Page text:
TORONTO, Ont.—In the lead up to last night’s game, no stat was brought up more than the 34 years since Canada’s last victory over the United States men’s national team. So when Lucas Cavallini volleyed home a 90th minute strike to put Canada up 2-0 over their rivals to the south, and all but guaranteed victory, BMO Field released all of those years of pent up disappointment.
The crowd of 17,126 let out a delirious roar that sounded much louder than a group of that many should be capable. Cavallini ran behind the net, kissed the Canada Soccer badge on his shirt and was promptly mobbed by the rest of the Canada team. On the bench, John Herdman leapt into the arms of his coaching staff.
It was a moment when, for the first time in decades, everyone around Canada Soccer started to fully believe. There would be no last minute let down this time, nobody could snatch this victory away.
As a result, with a home World Cup on the horizon and a fully operational domestic professional league already in place, it was a moment that could change Canadian soccer forever. The team, the fans, can start to dream because this group has proven that they can make those dreams come true.
Last night was proof that with Alphonso Davies and Jonathan David, Canada are a threat to just about every team in the world. Davies, playing without fear and limitations, was a sight to behold as he outran, outmaneuvered and outsmarted US defenders all match.
But for as good as Davies was, the performance from Canada was far more than just one star player. Herdman’s somewhat surprising tactic of going with a box midfield four paid off in a huge way allowing Canada defensive coverage, while also providing the impetus to quickly spring attacks when the team got the ball back.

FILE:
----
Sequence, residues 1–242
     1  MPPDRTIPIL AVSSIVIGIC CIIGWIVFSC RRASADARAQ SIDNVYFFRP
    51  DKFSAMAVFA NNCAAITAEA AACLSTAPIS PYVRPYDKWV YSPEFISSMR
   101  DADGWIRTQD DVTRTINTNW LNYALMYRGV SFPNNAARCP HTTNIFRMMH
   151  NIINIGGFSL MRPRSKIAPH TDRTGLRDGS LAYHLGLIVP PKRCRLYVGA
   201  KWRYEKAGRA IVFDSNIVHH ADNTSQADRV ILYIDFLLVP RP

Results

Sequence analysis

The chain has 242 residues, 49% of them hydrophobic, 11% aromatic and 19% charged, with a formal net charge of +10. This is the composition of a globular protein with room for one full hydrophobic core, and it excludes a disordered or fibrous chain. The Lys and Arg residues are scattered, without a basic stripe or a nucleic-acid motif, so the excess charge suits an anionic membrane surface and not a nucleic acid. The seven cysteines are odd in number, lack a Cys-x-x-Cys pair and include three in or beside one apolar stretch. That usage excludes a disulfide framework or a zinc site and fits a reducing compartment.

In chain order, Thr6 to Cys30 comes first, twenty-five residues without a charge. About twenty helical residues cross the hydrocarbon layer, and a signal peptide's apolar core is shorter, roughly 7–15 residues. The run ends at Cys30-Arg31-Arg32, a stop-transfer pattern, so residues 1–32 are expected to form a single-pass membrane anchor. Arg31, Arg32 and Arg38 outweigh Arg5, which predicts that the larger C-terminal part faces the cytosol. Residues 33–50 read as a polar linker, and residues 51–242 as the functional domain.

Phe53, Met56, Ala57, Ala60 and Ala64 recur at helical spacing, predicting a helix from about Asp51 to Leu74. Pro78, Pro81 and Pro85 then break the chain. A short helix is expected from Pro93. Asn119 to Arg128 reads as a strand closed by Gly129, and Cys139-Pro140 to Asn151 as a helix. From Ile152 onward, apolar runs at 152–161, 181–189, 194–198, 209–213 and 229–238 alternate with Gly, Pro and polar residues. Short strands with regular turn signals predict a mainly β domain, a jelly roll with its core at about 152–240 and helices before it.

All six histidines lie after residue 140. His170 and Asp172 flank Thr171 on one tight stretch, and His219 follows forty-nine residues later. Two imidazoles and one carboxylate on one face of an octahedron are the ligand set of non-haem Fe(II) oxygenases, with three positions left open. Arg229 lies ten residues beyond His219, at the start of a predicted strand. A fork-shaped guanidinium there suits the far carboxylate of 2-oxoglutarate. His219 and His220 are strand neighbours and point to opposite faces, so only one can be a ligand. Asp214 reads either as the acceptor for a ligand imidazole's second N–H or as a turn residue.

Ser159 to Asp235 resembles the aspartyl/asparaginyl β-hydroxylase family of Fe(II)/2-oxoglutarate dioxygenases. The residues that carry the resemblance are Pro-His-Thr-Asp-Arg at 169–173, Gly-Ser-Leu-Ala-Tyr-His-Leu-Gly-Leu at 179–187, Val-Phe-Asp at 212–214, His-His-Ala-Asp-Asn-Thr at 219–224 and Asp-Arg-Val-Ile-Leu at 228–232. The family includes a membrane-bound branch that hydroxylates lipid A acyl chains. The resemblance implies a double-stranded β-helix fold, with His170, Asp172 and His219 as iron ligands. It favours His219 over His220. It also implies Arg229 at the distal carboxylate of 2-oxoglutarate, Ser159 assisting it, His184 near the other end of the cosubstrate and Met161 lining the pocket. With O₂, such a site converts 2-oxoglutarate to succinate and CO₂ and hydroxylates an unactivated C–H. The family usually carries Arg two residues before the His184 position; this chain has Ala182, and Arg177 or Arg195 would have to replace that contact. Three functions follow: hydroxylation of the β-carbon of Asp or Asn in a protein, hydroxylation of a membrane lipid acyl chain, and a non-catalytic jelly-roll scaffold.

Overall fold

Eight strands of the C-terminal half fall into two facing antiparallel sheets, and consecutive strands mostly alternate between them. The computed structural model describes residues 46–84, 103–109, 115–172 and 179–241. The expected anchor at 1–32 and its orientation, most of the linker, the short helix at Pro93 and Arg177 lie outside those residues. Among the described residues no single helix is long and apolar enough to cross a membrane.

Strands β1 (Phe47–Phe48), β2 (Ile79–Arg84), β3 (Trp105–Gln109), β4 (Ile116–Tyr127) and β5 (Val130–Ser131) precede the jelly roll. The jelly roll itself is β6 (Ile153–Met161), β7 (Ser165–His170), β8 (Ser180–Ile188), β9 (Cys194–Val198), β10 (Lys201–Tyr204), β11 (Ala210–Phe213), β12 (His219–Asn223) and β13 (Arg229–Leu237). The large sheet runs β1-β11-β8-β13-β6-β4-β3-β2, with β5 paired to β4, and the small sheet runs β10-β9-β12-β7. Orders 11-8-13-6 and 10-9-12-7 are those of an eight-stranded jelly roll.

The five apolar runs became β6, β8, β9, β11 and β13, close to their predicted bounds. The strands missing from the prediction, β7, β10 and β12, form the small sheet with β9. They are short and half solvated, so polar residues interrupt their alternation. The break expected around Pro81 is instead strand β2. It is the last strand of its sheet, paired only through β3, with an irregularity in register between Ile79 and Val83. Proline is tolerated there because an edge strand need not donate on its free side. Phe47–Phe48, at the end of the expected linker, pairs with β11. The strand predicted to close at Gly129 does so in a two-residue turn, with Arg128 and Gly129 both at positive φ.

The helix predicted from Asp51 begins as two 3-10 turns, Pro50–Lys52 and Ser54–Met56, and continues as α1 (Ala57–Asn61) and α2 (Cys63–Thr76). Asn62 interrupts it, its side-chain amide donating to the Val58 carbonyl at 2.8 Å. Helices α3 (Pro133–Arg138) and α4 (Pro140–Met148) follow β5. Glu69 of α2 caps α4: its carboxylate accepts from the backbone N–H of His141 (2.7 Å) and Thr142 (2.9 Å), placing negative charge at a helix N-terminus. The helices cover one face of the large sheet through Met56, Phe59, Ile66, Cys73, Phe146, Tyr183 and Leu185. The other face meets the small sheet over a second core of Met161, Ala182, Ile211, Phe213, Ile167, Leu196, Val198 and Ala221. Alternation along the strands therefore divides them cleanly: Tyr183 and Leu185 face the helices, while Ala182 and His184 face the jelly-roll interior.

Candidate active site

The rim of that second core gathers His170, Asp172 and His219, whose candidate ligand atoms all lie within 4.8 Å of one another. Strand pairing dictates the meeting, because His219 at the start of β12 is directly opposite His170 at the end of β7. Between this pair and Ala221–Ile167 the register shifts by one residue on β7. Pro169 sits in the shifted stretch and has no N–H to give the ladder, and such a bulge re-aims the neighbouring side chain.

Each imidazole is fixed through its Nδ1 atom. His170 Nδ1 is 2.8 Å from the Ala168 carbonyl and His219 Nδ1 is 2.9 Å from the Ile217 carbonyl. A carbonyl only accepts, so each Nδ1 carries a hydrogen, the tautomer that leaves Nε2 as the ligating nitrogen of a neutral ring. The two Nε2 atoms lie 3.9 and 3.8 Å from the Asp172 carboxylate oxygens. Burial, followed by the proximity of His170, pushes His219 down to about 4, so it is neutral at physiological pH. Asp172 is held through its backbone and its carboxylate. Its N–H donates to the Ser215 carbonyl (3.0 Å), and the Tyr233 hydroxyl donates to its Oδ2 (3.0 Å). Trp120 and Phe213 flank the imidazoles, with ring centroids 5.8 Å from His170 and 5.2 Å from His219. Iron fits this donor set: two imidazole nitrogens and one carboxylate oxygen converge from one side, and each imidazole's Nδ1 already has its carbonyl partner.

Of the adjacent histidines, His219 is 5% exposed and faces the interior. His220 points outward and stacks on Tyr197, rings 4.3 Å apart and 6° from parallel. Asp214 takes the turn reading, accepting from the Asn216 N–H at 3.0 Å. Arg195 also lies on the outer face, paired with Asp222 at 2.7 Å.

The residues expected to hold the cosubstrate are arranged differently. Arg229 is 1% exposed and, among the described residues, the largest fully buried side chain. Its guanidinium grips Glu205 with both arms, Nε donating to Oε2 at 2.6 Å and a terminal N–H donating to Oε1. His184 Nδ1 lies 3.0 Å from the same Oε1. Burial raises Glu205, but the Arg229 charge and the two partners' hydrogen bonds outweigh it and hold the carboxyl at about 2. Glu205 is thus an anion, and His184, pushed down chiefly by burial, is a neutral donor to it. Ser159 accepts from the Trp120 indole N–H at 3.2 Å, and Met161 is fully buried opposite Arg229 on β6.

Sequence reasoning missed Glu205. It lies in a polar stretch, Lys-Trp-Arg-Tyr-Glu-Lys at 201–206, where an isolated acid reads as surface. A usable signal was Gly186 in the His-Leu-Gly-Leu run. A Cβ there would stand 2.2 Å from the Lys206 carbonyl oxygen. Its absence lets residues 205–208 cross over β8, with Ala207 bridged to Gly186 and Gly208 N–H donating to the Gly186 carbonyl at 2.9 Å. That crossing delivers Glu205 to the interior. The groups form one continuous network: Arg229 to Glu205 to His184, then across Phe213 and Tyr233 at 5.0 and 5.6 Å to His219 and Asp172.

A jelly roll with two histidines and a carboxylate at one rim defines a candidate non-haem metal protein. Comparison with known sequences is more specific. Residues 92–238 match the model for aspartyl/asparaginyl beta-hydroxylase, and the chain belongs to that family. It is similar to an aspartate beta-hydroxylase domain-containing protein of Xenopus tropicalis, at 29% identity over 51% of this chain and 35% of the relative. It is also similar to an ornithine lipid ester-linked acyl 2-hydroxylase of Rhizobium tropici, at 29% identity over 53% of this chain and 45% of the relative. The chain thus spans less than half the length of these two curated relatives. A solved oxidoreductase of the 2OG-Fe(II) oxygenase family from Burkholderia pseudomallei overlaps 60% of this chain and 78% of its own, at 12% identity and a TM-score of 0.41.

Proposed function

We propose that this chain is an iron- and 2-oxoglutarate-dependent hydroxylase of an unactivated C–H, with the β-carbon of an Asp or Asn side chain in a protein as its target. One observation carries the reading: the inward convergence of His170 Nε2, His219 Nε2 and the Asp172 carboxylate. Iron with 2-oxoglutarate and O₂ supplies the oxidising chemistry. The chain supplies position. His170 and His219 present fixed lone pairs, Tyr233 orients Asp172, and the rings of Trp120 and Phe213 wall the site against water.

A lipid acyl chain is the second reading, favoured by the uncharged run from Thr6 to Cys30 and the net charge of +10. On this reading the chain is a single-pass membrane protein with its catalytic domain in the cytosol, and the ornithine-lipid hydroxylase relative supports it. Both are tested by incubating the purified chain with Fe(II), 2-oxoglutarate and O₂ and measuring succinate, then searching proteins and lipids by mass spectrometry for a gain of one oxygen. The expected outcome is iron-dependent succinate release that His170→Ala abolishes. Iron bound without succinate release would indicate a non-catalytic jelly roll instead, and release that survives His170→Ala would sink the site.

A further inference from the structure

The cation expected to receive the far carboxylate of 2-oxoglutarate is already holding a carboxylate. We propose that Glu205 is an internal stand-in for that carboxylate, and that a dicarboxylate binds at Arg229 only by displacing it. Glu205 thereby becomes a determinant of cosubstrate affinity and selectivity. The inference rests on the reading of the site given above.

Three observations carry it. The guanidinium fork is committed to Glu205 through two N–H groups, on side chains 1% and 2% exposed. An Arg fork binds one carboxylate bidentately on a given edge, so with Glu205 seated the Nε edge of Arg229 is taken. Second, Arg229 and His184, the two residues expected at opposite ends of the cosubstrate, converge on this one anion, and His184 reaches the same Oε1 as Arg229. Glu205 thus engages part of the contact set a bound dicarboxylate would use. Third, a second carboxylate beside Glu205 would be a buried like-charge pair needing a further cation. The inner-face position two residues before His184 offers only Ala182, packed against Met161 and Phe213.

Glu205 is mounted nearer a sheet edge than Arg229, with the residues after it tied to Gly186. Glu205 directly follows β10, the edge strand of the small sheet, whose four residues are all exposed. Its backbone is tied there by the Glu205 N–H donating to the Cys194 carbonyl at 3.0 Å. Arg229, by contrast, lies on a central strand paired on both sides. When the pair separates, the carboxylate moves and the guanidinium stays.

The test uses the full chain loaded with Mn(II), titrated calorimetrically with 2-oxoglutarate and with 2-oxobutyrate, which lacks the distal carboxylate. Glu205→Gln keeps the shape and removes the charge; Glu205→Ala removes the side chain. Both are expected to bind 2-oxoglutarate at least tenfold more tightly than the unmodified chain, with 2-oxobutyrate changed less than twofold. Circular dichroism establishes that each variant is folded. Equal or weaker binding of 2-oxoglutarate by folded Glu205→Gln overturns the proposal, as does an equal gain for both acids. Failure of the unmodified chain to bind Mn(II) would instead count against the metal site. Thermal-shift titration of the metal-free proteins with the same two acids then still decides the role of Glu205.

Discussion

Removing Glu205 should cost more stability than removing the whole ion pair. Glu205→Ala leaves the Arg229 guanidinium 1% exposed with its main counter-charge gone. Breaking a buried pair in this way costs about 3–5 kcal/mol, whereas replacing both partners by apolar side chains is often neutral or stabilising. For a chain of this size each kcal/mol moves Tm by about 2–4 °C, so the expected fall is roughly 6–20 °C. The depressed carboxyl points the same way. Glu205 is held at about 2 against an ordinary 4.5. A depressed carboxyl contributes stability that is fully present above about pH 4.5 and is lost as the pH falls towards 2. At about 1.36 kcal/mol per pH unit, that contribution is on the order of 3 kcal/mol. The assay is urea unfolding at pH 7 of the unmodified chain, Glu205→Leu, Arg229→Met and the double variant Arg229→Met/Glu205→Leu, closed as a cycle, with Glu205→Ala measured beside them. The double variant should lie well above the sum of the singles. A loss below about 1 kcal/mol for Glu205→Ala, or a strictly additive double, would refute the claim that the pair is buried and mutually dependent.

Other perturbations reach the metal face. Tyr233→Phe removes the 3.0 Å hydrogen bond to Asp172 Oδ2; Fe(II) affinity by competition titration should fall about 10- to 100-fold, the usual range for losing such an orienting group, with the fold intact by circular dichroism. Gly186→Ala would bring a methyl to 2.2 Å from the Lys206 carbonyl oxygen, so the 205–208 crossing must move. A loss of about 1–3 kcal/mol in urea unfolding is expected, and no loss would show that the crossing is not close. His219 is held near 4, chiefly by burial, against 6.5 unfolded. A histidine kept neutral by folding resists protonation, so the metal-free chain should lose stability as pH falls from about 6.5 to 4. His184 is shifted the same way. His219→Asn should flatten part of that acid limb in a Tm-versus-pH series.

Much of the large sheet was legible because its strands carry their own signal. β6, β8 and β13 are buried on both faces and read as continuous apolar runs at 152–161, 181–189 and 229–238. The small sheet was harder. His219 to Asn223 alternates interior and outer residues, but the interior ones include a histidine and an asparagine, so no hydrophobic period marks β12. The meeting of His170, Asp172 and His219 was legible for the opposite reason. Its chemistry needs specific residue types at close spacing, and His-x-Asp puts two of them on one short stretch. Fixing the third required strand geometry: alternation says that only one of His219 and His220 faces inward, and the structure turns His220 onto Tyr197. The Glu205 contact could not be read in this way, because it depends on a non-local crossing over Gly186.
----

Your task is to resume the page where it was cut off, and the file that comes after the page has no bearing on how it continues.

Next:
His insistence on sticking to that formation when star man Mark-Anthony Kaye was injured early was proven right. In his first ever senior match for Canada, Liam Fraser showed the incredible poise beyond his years that Toronto FC fans have come to know.
Teammate Jonathan Osorio, once again proving he plays his best games when they matter most, was tremendous. As were Scott Arfield and Samuel Piette, who almost certainly played the best games of their respective international careers.
Behind them, what was widely considered the weakest link in the Canadian team, their backline, stood tall. Steven Vitoria, in some ways the forgotten man in Canadian soccer circles despite regularly starting in the Portuguese top division, shepherded a young and experienced backline.
Gone were the defensive lapses, the miscommunications, the miscues that have held Canada back of late. The United States’ one real chance was calmly parried away by Milan Borjan who kept a level head throughout, and helped his teammates do the same.
Evidently, a performance like this comes with raised expectations. John Herdman called last night just “one little drop in the ocean of what [he’s] hoping for this team”. They still have to prove they can win meaningful games on the road in Central America, for example. It will take many more nights like last for this team to realize it’s potential.
But belief is a powerful thing, and there is no doubt now that this group has that. So even if this result is just a drop in the ocean, it’s ripple effect will likely be felt for years to come.